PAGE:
By Melissa Fossum
By Lauren Wise
By New Times
By Amanda Savage
By Jason P. Woodbury
By Troy Farah
By New Times
It's only a few blocks to the beach, but no one wants to go. It's just after noon and the guys in Kinch emerge from the cramped aisles of an indie record shop thirsty for more beer. They started drinking an hour ago, washing down a cheese pie at the famed Pizza Port brewpub. The beer brunch is rare occurrence for this bookish indie pop quintet — three Brophy boys who've been playing together since high school and two younger Yuma transplants grafted on over the past two years. But they're in Carlsbad, in North County San Diego, home to some of the best breweries in the world, and they want to soak it up.
Besides, they've seen that beach before. Singer Andrew Junker, who bears an uncanny resemblance to Honey, I Shrunk the Kids star Rick Moranis, and his cousin, guitarist Brian Coughlin, who has Kermit the Frog's touch for self-deprecating humor, have been coming here since they were kids. They have fond memories of the record store Coughlin just walked out of holding a rare piece of Gaslight Anthem vinyl as a gift for a local promoter, Junker having tentatively pawed a disc from Polish pop star Basia, more or less her country's Celine Dion, an unironic favorite. The seven siblings in drummer Jake Malone's family, on the other hand, went up to Oceanside, the next town north. The two new guys — bassist Wayne Jones and keyboardist Phillip Hanna — don't have those ties to Carlsbad, but they tramped down to the beach from their Motel 6 room earlier in the morning.
So it's on to the patio at Stone Brewing in Escondido, where they'll honor the band's version of the Epicurean creed with duck tacos and bold IPAs.
"I love to find a cool restaurant or a cool place to get a drink every day. You have to do it, at least for us," Junker says. "No band eats as much as our band — at least not that we've been on tour with . . . There are some bands that are so good at not spending any money on tour — I'm sure you've been on a trip with someone who is so good at not spending any money — and thankfully we're not very good at not spending any money. We don't have a lot of money, and it's not like we're blowing tons of money on tour, but for me it's important to try to have a good time."
For Junker, that means a good beer to sip while poring over the San Diego Reader. For Brian, it's a little ice cream shop — microcreameries, he calls them.
"Being on tour is not like traveling — in any way. It's being in a van for six or eight hours and then being in a club for five hours, then going to a hotel and getting up and finding a place to eat," Coughlin says. "You have to share beds . . . You're not making any money."
"That's why when you get to a town, you try to find a place that isn't an Applebee's, so at least you have that," Junker says. "I'm going to have a decent beer or meal or ice cream, even if that's the only thing that goes right the whole day."
"It may have cost me $900 to get out there and play in front of three people, but at least the ice cream was good," Coughlin says.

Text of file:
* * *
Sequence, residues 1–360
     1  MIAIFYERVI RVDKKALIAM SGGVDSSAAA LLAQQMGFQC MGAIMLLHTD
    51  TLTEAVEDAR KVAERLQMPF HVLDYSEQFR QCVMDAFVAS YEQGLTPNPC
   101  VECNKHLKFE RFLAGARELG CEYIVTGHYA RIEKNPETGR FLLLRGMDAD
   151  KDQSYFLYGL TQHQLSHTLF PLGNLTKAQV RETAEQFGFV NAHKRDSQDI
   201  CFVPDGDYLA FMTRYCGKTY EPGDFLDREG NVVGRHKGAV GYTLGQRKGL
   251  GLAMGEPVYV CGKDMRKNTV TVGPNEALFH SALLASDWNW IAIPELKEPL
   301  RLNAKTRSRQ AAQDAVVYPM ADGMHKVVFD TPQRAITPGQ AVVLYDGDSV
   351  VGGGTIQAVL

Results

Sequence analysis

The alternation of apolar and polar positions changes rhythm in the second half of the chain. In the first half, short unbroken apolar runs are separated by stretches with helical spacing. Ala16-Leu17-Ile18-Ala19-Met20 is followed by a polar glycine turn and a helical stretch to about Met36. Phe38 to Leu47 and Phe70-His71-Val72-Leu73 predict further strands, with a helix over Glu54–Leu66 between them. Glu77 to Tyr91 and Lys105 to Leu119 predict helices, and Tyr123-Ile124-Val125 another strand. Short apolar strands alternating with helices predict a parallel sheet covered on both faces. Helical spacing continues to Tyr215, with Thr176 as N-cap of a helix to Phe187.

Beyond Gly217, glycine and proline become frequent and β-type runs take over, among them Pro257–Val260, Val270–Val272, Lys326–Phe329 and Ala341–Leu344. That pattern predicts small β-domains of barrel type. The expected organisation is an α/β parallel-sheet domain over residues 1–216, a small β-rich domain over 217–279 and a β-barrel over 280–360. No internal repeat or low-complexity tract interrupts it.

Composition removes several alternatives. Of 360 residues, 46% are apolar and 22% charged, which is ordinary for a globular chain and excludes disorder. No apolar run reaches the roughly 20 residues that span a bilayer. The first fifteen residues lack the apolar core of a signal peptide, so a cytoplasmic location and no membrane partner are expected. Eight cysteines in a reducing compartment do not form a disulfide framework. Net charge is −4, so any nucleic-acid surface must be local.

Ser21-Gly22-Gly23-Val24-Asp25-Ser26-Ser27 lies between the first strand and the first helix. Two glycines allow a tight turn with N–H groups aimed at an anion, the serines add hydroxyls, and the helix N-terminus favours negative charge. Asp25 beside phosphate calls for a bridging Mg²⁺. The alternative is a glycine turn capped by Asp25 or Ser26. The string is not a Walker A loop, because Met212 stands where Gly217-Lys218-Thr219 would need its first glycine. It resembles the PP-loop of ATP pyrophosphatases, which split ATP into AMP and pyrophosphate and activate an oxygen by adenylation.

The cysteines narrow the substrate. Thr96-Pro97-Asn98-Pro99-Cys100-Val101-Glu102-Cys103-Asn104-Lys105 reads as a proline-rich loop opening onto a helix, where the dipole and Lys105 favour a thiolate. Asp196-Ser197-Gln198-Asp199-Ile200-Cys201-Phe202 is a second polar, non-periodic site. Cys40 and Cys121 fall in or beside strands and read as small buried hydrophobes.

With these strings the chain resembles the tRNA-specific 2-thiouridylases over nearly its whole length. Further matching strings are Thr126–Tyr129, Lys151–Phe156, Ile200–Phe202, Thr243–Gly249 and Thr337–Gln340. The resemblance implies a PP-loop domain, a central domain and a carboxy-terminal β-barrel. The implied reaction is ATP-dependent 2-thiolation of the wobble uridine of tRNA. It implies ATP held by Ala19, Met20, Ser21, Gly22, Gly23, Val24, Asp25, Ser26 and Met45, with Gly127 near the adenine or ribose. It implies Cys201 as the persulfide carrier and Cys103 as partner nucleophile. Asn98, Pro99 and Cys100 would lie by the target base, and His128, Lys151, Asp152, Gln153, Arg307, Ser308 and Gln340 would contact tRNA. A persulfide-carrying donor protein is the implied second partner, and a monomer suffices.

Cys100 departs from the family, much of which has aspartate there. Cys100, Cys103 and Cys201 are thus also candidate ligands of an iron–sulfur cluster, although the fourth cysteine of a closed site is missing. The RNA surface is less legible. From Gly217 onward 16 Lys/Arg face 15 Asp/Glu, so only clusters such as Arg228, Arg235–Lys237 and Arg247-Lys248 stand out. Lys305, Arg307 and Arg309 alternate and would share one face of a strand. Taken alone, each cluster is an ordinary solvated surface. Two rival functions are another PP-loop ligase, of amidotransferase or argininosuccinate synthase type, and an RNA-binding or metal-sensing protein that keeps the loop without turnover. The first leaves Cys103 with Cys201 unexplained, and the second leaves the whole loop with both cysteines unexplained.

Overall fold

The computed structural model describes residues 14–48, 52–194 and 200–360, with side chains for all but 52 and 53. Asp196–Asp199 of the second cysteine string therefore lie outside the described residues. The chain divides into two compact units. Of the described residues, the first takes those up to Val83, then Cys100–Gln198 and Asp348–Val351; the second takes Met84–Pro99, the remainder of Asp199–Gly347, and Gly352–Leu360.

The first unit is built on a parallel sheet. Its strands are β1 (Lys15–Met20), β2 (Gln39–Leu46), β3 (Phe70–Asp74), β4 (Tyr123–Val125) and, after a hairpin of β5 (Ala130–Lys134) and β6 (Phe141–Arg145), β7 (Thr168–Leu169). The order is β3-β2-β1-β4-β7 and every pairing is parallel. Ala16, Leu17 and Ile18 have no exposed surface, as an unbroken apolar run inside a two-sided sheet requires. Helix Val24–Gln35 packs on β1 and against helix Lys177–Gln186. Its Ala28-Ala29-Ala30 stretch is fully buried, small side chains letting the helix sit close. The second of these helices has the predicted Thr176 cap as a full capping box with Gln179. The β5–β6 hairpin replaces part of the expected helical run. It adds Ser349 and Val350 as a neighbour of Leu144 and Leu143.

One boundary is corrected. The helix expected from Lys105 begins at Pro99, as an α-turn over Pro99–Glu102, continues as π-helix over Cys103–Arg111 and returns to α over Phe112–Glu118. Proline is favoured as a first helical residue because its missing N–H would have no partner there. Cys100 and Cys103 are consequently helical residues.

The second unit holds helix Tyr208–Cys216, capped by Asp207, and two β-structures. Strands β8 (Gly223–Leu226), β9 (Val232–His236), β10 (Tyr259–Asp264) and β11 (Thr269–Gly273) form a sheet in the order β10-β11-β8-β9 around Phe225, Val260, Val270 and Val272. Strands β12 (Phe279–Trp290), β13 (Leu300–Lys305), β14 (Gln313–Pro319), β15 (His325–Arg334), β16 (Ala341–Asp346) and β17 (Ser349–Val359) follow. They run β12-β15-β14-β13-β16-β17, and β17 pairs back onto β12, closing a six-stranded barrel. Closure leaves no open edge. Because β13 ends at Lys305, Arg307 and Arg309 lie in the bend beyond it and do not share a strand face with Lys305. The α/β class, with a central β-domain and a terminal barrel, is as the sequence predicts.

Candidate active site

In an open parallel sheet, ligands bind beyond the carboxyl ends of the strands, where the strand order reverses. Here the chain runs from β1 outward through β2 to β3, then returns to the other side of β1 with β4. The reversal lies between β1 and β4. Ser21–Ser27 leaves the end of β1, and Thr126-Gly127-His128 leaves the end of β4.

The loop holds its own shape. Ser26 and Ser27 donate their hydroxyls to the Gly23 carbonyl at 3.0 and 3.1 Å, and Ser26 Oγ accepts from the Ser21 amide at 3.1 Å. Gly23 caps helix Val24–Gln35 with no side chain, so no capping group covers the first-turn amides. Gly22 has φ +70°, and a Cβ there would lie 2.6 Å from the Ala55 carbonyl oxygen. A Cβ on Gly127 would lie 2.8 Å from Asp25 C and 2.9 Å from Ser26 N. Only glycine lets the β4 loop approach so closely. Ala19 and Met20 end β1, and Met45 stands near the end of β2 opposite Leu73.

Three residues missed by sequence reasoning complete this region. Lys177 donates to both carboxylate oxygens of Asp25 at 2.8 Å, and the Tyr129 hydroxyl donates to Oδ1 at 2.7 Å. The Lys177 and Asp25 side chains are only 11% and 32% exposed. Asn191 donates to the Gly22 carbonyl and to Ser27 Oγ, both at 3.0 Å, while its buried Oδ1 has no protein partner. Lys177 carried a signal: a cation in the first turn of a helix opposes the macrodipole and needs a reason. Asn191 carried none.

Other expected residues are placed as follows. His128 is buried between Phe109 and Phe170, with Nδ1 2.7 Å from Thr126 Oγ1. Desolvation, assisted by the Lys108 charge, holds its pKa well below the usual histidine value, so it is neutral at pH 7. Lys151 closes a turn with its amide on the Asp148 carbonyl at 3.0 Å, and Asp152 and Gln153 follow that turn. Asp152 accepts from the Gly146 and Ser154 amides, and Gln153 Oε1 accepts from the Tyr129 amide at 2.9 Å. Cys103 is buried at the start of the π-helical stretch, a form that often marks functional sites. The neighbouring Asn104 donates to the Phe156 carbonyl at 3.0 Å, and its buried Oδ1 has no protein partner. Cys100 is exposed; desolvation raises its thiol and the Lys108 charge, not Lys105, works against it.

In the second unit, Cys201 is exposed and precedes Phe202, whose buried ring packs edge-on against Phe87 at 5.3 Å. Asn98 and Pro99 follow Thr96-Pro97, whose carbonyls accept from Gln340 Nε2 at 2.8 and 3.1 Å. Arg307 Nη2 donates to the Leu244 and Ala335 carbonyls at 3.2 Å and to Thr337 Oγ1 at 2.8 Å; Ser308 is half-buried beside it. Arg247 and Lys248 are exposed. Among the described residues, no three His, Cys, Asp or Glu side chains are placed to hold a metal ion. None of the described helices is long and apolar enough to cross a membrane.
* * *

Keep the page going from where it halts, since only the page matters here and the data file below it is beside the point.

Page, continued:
They're being modest about the turnout. At least at Silverlake Lounge, where they played last night for a healthy and interested crowd, despite being slotted after a shitty prog-rock band in matching camouflage. The Silverlake is one of three notably cool clubs in the hip L.A. hood from which it takes a name, right across the street from the liquor store where Silversun Pickups got their handle.
Tonight, it's on to Soda Bar in San Diego, a timeless club with soft leather booths, a vintage Battletoads arcade game that people are actually feeding quarters, and a sign above the bar advertising the house special and reading precisely as this: "Shot (well) and beer (domestic) 6$." These California shows are part of an assiduous month-long project that finds Kinch doing weekly residencies at those clubs as well as Scottsdale's Rogue Bar.
The whole concept of a "residency" is a novelty in Phoenix, but buzzing L.A. bands have been doing it for a while. Out there, it's like a victory lap — maybe you get signed and schedule a month of shows to learn a new record and hang out with your friends — which is why their stint initially raised the ire of The 704, an Angelino music blog with fashionably low production values and writing heavily influenced by Hipster Runoff. After seeing their show, the blogger ended up praising them in spite of himself — in the coolest, most detached way he could manage.
"I wasn't too enthused at the prospect of Kinch, since their name (a Joyce reference), as mentioned, sounds gross. Plus, they're from Arizona. An out-of-town band getting a residency kind of offended me . . . Has L.A. really run out of bands?" he wrote. "But people started telling me that Kinch was kind of great. So I gave them a shot. And it turns out that Kinch is kind of great. You know — kind of. They're not going to change your outlook on life, or rewire your brain. They haven't invented anything. But, really, they do what they do with such style and vigor, it's truly worth the exertion it takes to shake your ass. The songs I heard them play were pop at heart, but with a constant rollicking edge that kept things more gritty than sweet. Like, for real: that shit rollicked."
Getting in front of verbose tastemakers and important industry types is one big goal of this residency thing. Touring with grunge survivors Local H and Phoenix's Dear and the Headlights, Kinch has seen much of the country. But they haven't yet tapped into the most important market within an easy drive or found a benefactor with the connections to get them signed.
"For some reason, we've barely been over to California," says Coughlin. "We've played Kansas City more than San Diego in the last two years."
Walking down the idyllic streets of Carlsbad, the conversation turns to movies. First, it's cartoon/environmentalist propaganda pic FernGully. Then, someone brings up Waiting for Guffman and Junker makes a cynical but telling quip: "Hey, that's kind of like the residencies!"